Croatia ‘dragging its feet’ on disability rights — Human Rights Watch

Total Croatia News

May 30, 2018 — Croatia has backed out of promises which would let the intellectually and psychosocially disabled live independently, according to a scathing Human Rights Watch report.

Croatia’s Ministry of Demographics, Family, Youth and Social Policy said last month it would continue transitioning people with intellectual and psychosocial disabilities to community-based living, abandoning a much-maligned habit of keeping them in institutions. The government backed out of its promise in a May 22 letter, according to the Human Rights Watch.

“The ministry said that people with disabilities who need long-term and intensive care will remain in institutions,” the organization wrote. The report chronicles the nation’s allegedly lackluster attempts to follow an international disability rights treaty ratified 10 years ago. “People with psychosocial disabilities in psychiatric hospitals and those in foster care remain excluded from the government’s efforts.”

The Ministry of Demographics, Family, Youth and Social Policy as of publication did not respond to requests for comment.

Croatia’s treatment of the disabled has been a lasting black mark on the country’s overall human rights record. HRW similarly called out the government’s supposed in-action several times, reporting “the process of moving people out of institutions and into community-based living arrangements has been limited and slow.”

More than 7,800 of Croatia’s disabled adults and children live in state-run institutions, with another 2,000 in privatly-run, publically-funded facilities, according to HRW. Others are sent to psychiatric hospitals without their consent. Overall, some 18,000 of Croatia’s people with disabilities are under legal guardianship, robbing them of autonomy and a broader community.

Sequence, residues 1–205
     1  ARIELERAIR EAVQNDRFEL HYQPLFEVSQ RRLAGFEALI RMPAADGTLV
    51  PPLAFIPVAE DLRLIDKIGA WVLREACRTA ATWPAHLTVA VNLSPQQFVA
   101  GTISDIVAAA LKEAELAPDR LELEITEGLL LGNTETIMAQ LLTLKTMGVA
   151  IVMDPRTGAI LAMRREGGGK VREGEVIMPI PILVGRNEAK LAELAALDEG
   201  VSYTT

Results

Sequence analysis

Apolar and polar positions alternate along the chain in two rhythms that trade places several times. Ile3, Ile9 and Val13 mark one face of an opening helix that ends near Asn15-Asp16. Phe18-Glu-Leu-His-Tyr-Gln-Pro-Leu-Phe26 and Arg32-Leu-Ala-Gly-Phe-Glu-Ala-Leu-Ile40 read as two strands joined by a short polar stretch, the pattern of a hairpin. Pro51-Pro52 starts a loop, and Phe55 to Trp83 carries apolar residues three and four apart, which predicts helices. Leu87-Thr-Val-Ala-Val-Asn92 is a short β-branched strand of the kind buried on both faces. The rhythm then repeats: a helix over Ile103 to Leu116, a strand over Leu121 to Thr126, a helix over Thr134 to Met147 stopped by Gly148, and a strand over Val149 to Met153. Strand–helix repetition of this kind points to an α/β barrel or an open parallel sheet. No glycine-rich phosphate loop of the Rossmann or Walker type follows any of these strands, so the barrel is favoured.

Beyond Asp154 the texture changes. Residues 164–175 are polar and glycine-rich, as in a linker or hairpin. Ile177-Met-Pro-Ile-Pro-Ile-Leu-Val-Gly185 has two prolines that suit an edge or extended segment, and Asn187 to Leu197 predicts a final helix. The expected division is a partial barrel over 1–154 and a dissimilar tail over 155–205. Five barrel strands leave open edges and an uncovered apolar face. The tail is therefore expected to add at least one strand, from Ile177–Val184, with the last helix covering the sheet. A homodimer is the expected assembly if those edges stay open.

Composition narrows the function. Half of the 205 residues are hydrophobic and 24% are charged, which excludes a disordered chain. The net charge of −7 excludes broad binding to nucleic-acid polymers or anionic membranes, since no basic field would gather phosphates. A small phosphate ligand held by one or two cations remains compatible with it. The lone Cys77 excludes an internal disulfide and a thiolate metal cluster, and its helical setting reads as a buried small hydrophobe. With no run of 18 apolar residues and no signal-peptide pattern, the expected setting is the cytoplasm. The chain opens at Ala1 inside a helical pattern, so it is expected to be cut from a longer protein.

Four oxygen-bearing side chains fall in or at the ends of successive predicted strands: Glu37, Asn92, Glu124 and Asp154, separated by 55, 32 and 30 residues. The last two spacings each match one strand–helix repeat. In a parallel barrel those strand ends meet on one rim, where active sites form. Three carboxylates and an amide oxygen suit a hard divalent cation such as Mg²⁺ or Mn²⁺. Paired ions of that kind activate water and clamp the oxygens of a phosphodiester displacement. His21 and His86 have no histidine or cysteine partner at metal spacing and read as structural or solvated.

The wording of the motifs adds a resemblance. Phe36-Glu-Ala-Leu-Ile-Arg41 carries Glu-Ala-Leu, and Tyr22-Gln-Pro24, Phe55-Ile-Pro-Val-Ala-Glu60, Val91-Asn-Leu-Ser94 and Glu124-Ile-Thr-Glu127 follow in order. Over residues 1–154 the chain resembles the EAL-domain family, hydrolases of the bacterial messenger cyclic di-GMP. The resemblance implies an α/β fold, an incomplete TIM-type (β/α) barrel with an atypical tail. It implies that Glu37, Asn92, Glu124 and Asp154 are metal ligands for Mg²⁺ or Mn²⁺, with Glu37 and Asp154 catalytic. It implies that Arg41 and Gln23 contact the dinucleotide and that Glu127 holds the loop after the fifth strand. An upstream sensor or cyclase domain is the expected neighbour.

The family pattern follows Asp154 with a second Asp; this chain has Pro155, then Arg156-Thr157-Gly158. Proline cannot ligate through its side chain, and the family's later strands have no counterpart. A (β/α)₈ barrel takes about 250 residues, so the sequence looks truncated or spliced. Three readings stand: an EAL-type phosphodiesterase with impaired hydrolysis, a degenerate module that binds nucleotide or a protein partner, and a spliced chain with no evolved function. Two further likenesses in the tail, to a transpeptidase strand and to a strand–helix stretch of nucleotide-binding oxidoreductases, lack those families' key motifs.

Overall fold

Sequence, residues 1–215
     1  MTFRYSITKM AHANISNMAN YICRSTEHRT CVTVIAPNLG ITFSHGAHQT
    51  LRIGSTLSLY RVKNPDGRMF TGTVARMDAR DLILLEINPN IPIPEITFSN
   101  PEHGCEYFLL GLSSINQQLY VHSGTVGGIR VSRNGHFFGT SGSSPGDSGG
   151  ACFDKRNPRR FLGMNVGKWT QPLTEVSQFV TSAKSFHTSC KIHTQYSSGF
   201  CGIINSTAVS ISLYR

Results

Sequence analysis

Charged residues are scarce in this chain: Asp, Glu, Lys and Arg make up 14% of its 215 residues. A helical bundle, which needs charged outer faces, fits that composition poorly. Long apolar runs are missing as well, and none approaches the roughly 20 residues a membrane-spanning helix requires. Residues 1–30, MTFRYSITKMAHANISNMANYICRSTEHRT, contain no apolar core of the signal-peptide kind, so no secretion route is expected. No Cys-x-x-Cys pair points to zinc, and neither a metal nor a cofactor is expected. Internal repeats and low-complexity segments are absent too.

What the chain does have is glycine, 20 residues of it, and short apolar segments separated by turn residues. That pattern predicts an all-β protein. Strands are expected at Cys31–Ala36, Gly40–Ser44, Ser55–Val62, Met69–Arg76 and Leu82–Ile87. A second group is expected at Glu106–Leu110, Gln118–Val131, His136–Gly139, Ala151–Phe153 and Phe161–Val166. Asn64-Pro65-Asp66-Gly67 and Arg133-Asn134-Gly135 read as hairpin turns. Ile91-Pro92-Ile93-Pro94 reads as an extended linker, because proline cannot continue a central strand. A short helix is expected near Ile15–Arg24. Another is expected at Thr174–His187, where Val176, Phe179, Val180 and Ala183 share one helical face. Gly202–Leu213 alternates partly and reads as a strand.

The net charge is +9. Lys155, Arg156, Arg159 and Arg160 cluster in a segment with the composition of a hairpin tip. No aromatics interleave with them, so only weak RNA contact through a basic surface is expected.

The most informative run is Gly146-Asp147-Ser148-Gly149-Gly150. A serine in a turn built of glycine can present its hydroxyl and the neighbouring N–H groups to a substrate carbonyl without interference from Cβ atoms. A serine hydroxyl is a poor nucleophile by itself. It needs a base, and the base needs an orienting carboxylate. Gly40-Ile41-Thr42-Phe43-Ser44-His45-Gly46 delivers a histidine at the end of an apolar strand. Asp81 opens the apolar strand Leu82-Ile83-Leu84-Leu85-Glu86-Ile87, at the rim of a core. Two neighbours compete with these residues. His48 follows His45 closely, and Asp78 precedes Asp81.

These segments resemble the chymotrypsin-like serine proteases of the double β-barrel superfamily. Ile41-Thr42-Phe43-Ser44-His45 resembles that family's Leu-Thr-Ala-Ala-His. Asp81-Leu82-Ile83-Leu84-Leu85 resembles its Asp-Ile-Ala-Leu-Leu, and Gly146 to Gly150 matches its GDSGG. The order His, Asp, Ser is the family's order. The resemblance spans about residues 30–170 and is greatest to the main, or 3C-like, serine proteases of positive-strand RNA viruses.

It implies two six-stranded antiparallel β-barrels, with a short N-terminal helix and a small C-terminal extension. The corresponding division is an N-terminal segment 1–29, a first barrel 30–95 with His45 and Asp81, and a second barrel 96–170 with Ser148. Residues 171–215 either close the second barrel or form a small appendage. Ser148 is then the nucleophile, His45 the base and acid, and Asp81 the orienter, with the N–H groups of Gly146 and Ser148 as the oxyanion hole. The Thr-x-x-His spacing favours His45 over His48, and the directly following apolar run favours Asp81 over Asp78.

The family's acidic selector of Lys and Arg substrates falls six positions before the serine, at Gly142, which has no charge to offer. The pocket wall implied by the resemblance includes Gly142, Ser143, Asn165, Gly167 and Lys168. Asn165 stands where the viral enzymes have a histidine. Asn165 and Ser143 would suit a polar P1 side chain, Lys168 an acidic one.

“Croatia should mark the 10th anniversary since ratifying the disability rights treaty by making sure that children with disabilities grow up in families and that people with disabilities can live independently in the community with necessary support,” Emina Ćerimović, a disability rights researcher for HRW, said in the report.

Croatia’s government did make some initial efforts, moving 700 people out of institutions and into apartments between 2011 and 2016.

Those early efforts earned the attention of both HRW, as well as the Bill and Melinda Gates foundation, via The Guardian. The paper chronicled the seemingly-successful efforts of Ladislav Lamza of Osijek’s former asylum, who encouraged the disabled to integrate slowly back into the community.

Since that early push, only 15 more adults transititioned from institutions to indepent living, while 75 children and 21 adults reunited with their biological families.

The Croatian government has since drafted a law which would place adults with disabilities in foster care, instead of trying to transition them to independent living within the community. The practice has been denounced by both the United Nations and Croatia’s own Ombudswoman for Persons with Disabilities.

“While appropriate for children, foster care is not appropriate for adults with disabilities who are placed in a family without any choice or alternative,” Ćerimović told HRW.

The Convention on the Rights of Persons with Disabilities states all the disabled should be allowed to lead independent lives integrated into a community, regardless the severity of their condition. The Council of the European Union backed the treaty, calling on all EU members to ensure all citizens an independent life.


Subscribe to our newsletter

the fields marked with * are required
Email: *
First name:
Last name:
Gender: Male Female
Please don't insert text in the box below!

Leave a Comment